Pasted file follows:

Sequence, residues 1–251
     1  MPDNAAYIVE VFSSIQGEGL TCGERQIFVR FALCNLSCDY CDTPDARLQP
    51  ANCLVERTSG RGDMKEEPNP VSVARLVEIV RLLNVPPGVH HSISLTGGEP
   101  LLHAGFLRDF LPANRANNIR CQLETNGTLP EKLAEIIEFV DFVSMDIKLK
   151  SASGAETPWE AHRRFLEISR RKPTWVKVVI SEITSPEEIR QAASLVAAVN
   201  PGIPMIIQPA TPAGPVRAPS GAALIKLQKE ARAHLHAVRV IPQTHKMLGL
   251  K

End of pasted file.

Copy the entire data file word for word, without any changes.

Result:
Sequence, residues 1–251
     1  MPDNAAYIVE VFSSIQGEGL TCGERQIFVR FALCNLSCDY CDTPDARLQP
    51  ANCLVERTSG RGDMKEEPNP VSVARLVEIV RLLNVPPGVH HSISLTGGEP
   101  LLHAGFLRDF LPANRANNIR CQLETNGTLP EKLAEIIEFV DFVSMDIKLK
   151  SASGAETPWE AHRRFLEISR RKPTWVKVVI SEITSPEEIR QAASLVAAVN
   201  PGIPMIIQPA TPAGPVRAPS GAALIKLQKE ARAHLHAVRV IPQTHKMLGL
   251  K